Some people who suffer from migraine headaches know precisely what causes their attacks. So they rarely have them anymore because they avoid those triggers.
The rest of us? Well, it’s not so straightforward.
We know there’s a trigger, of course. We can often sense when a migraine is about to happen. And we might even have the feeling the headaches are linked to what we eat.
But that’s where things can get really frustrating. Because spotting a consistent pattern seems impossible no matter how hard you’ve tried.
If you’re prone to migraine attacks and can’t figure out your own triggers, new research has revealed a massive clue. And this finding could be a game-changer.
It may even help you finally learn how to avoid migraine headaches for good.
HIDDEN migraine trigger revealed
Remember the “Chinese food headache?” It’s just what it sounded like. It was a headache (often a migraine in those prone to them) that some folks would get after eating Chinese takeout.
The culprit, in most cases, was determined to be the flavor-enhancer monosodium glutamate (MSG) that a lot of Chinese restaurants used in their dishes.
Most of those restaurants did the responsible thing and have done away with MSG. So the “Chinese food headache” is, for the most part, a thing of the past.
But the rest of the food industry has quietly doubled down on this potential migraine trigger. And it gets worse. It’s not only in more foods than ever before but it’s also HIDDEN under other names.
I’ll tell you how to spot it in a moment. And if you battle migraines with an unknown trigger, you’re definitely going to want to know this.
Because animal studies appear to confirm what people have been saying about MSG and migraine headaches all along. Experiments on mice found that glutamate, the “G” in MSG, can slip inside the brain.
Now, that alone isn’t too unusual. After all, glutamate is a natural neurotransmitter. That means that the neurons that are part of the switchboard” for your brain’s internal communications network use glutamate to pass along messages or impulses.
But the trouble appears to be that when large amounts of glutamate from MSG flood your brain, you can end up with far too much of it, basically causing a system overload. That leads to one what one report on the new study described as a “tsunami” of glutamate activity in the brain… or “plumes” of the stuff erupting in the space between neurons.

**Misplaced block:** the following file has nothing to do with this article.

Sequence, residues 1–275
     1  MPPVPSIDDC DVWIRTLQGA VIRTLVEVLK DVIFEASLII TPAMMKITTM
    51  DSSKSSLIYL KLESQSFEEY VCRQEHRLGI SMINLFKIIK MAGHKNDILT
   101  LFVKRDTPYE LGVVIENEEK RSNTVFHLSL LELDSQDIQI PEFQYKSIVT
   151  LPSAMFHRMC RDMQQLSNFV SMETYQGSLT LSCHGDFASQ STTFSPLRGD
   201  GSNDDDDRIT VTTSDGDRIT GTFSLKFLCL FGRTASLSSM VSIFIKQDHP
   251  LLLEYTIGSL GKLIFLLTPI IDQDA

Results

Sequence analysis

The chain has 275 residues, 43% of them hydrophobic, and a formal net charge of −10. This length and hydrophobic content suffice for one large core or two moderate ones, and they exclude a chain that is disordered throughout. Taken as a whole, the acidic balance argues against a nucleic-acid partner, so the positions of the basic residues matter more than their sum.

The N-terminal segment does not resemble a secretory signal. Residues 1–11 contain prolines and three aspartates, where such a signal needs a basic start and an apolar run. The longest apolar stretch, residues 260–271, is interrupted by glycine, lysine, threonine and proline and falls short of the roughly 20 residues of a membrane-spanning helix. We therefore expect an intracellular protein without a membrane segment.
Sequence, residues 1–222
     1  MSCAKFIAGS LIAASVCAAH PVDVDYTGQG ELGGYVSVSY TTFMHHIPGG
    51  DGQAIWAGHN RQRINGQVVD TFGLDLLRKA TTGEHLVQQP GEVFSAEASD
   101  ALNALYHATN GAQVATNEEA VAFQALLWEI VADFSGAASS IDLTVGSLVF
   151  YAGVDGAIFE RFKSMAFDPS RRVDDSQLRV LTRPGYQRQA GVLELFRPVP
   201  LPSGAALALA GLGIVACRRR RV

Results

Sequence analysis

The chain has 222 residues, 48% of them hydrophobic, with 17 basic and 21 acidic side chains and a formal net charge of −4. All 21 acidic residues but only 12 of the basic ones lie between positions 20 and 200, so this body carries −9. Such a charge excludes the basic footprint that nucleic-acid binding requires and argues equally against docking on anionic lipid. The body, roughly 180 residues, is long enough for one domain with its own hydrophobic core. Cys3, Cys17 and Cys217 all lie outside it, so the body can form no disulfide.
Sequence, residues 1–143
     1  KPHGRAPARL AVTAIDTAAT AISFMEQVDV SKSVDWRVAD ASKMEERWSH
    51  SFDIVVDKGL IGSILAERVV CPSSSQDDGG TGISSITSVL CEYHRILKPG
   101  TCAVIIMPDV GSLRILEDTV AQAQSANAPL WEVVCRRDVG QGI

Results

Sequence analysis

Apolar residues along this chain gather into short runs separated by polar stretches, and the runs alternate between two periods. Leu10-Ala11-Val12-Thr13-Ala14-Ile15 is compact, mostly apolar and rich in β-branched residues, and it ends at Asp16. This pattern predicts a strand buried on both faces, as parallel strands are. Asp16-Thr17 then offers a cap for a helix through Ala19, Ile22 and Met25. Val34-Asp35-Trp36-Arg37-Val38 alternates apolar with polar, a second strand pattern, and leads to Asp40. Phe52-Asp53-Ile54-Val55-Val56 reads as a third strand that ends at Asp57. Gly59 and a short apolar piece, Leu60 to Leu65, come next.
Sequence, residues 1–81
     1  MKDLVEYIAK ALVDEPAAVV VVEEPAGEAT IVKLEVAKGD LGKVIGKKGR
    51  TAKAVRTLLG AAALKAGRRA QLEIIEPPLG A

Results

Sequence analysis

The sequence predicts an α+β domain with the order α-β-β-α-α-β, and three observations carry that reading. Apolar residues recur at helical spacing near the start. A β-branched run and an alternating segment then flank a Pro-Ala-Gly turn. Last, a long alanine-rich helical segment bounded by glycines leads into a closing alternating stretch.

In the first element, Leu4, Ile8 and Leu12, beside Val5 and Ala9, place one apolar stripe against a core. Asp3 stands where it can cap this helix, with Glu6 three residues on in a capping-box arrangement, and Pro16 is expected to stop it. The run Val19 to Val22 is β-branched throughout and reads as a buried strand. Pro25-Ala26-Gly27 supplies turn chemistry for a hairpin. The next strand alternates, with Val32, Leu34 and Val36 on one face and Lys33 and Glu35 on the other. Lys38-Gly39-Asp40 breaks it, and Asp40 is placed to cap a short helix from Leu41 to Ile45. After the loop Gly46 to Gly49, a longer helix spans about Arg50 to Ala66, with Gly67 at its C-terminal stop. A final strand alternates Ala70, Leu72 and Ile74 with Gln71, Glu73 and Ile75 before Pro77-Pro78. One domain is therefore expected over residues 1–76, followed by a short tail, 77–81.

And that, in turn, could trigger those painful and debilitating migraine headaches, especially if you’re sensitive to MSG.
How to spot headache-linked MSG
Obviously, your best bet is to avoid MSG to see if you have fewer migraines. But, as I mentioned earlier, the stuff is hard to spot.
MSG has such a bad rap that food manufacturers would rather you not know it’s in their products. So many literally hide it under a bunch of different names.
In addition to searching the ingredients panel for “monosodium glutamate” or MSG, look for these other potential MSG pseudonyms…
- hydrolyzed protein
- hydrolyzed corn
- textured protein
- autolyzed yeast
- yeast nutrient
- yeast extract
They’re all basically codenames for MSG. And those aren’t the only ones. Plug the search term “other names for monosodium glutamate” into your favorite search engine for a more complete list.
Better yet, cut back as much as you possibly can on processed foods. Because the truth is whether they have MSG or not, they’re pretty bad for you and can contain other migraine triggers.
(Check out my earlier report Ultra-processed foods fast forward aging for just one of the many things they’ve been linked to.)
Besides, if you stick to the outer aisles of the grocery store… buying fresh produce, meats, and dairy… it’ll make shopping a whole lot easier on your eyes since you won’t have to squint at all those labels.
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